Delayed justice - Ernie Smith and company ask court to order the Gov't to pay them $143m after unconstitutional delay
Ernest 'Ernie' Smith, a former member of parliament for South West St Ann on a Jamaica Labour Party ticket, is among three attorneys who have gone to court seeking an order for the Government to pay them $143.5 million for breaches of their constitutional rights after the judge who heard their case retired without handing down his judgment.
The lawsuit, which was filed on behalf of Smith, his daughters Nesta-Claire Smith and Marsha Smith, along with their law firm, Ernest Smith & Company, seeks a declaration from the Supreme Court that the assessment of damages started by retired judge Justice Raymund King in October 2013 is now null and void.
Consequently, the Smiths want the court to order the Government to pay them the money they sought before Justice King.
A breakdown of that figure, according to court documents obtained by The Sunday Gleaner, shows that Ernie Smith, who was a member of parliament at the time of the police raid on his law offices in Brown's Town, St Ann, urged King to award him $57.5 million in damages.
Marsha Smith and Nesta-Claire Smith requested $45 million and $37 million, respectively, for the police raid on the firm's Kingston offices the following day. A claim of $4 million was submitted on behalf of the firm.
They argue that the five-year wait for Justice King's decision amounts to a breach of their constitutional right to a fair trial within a reasonable time, and asked the court to award them additional compensation for this violation.
The new lawsuit, which was filed by attorney Georgia Gibson-Henlin, QC, comes amid public concerns about the number of judgments outstanding in the Supreme Court, particularly from retired judges.
The Gleaner had reported that between January last year and the first quarter of this year, judges of the Supreme Court handed down a decision in 27 per cent of the cases in which they reserved judgment.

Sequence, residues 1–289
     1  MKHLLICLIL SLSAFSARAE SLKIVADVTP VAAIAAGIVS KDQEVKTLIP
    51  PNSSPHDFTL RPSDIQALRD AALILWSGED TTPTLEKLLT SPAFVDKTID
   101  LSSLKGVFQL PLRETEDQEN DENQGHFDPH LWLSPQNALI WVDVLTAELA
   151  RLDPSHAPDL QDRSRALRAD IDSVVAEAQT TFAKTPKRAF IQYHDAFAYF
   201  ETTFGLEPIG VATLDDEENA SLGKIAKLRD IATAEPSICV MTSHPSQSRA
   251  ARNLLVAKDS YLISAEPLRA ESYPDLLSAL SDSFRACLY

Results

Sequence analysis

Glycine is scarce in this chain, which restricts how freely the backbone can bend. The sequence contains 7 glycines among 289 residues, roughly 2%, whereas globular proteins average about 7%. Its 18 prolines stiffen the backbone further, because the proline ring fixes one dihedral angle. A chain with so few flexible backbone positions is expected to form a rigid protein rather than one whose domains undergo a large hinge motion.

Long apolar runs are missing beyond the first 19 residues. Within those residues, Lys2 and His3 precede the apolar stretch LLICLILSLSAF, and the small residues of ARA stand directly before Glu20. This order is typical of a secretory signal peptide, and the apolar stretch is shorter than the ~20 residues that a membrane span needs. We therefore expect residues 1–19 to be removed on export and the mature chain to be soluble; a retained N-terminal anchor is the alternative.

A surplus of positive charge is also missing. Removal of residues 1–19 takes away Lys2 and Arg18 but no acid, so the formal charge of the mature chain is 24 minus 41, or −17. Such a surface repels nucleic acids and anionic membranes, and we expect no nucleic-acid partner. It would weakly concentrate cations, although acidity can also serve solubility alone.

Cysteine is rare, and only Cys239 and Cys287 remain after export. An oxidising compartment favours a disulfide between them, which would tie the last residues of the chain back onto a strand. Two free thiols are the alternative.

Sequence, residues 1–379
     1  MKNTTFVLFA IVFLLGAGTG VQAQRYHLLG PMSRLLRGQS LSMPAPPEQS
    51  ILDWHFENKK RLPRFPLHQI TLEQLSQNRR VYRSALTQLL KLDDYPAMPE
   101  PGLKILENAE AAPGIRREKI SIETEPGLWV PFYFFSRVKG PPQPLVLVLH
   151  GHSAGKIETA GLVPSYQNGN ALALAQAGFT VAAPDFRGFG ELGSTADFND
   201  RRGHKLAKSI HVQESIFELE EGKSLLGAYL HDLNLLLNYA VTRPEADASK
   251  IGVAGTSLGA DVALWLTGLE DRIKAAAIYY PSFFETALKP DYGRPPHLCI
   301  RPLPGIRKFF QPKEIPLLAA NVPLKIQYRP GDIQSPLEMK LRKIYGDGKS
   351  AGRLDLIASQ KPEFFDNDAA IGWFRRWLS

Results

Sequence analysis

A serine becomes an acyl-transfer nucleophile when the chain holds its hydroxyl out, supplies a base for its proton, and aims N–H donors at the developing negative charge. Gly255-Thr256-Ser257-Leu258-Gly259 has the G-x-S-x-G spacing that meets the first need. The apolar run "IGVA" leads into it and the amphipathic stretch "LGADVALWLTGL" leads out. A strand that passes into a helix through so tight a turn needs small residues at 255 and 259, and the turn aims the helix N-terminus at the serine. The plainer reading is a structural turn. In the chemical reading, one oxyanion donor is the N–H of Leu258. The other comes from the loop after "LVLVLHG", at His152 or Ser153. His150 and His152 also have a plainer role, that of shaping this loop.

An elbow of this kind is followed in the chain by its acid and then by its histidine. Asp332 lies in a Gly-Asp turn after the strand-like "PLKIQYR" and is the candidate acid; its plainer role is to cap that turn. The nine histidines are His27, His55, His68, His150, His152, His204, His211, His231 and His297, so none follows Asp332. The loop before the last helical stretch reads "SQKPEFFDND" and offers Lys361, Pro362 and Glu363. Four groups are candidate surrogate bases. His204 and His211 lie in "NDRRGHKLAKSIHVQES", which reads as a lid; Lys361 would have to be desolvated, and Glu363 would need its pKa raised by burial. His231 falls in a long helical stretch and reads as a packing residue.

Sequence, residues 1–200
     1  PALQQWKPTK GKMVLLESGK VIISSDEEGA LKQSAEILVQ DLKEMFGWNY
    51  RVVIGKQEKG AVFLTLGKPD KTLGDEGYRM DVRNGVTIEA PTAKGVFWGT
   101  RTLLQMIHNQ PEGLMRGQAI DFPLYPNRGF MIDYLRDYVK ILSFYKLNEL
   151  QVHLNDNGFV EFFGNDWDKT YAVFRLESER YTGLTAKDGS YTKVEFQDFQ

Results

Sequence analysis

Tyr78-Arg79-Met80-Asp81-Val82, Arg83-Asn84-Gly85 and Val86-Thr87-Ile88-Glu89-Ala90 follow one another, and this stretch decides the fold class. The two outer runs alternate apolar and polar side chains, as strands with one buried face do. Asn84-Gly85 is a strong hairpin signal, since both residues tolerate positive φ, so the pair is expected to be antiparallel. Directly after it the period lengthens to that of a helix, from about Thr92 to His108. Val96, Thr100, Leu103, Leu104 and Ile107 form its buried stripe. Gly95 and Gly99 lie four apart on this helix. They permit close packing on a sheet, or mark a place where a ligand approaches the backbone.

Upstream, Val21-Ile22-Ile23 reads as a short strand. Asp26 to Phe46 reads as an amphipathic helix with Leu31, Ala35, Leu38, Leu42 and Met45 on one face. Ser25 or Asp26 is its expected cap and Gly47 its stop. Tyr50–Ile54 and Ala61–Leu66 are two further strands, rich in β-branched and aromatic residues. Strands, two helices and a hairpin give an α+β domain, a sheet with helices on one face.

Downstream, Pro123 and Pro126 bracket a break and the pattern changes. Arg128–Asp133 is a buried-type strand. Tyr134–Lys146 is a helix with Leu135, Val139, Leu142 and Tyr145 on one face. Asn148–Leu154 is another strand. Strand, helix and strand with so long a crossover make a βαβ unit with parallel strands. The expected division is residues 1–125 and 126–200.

Over the 15-month period, according to figures obtained by The Gleaner, judgments were handed down in 40 of the 148 cases in which judges reserved their decisions.
However, the Court Management Services, which compiled the figures, could not indicate the total number of judgments that have been outstanding for two years and more. Nor could the agency indicate the number of judgments outstanding from retired judges.
Ernie Smith detailed in court documents how a police team, armed with high-powered weapons and a search warrant signed by a magistrate, raided the St Ann offices of Ernest Smith & Company on January 27, 2003.
At the end of the search, he said, the police seized 34 case files, some of which were unrelated to the subject of the search - a Canadian man facing extradition.
A day later, according to Marsha Smith, the same police team raided the firm's Kingston offices and took two files and three boxes with confidential documents.
The Smiths said they informed the police that the information in the confiscated files were protected by lawyer-client privilege, and that the warrant was defective because it did not name a respondent.
Despite the backing of the Jamaican Bar Association, they unsuccessfully challenged the constitutionality of the warrant in the Full Court before taking their case to the Court of Appeal.
Then president of the Appeal Court, Justice Seymour Panton, ruled that the search warrants were unlawful and that the resulting searches breached the Jamaican Constitution and legal professional privilege.
According to the court documents reviewed by The Sunday Gleaner, Justice Panton, described the circumstances of the case as "unprecedented in the history of our country".
Panton argued that, "The offices of several attorneys-at-law were searched by the police who seized several clients' files although there was no allegation that any of the attorneys or their members of staff had committed any criminal offences, or that there had been wrongdoing by anyone on those premises."
Buoyed by the ruling of the nation's second-highest court, the Smiths filed a lawsuit against the State seeking damages for, among other things, breach of their constitutional rights, trespass, false imprisonment and assault.
The attorney general admitted liability and the lawsuit proceeded to assessment of damages before Justice King.
After several hearings in June and October 2013, the judge reserved his decision, but retired two years later without delivering his judgment.
Nesta-Claire Smith argued, in her sworn affidavit filed in support of the new lawsuit, that King's retirement made it "impossible" for him to deliver a judgment in the five-year old case.
Consequently, the Smiths are seeking a declaration from the court that it would be "unreasonable and unjust" to start a new assessment of damages before another judge.
"Due to the inordinate delays between the reservation of the judgment, his retirement and the date hereof, it is highly prejudicial to require the claimant to engage in a new assessment of damages," Nesta-Claire Smith argued.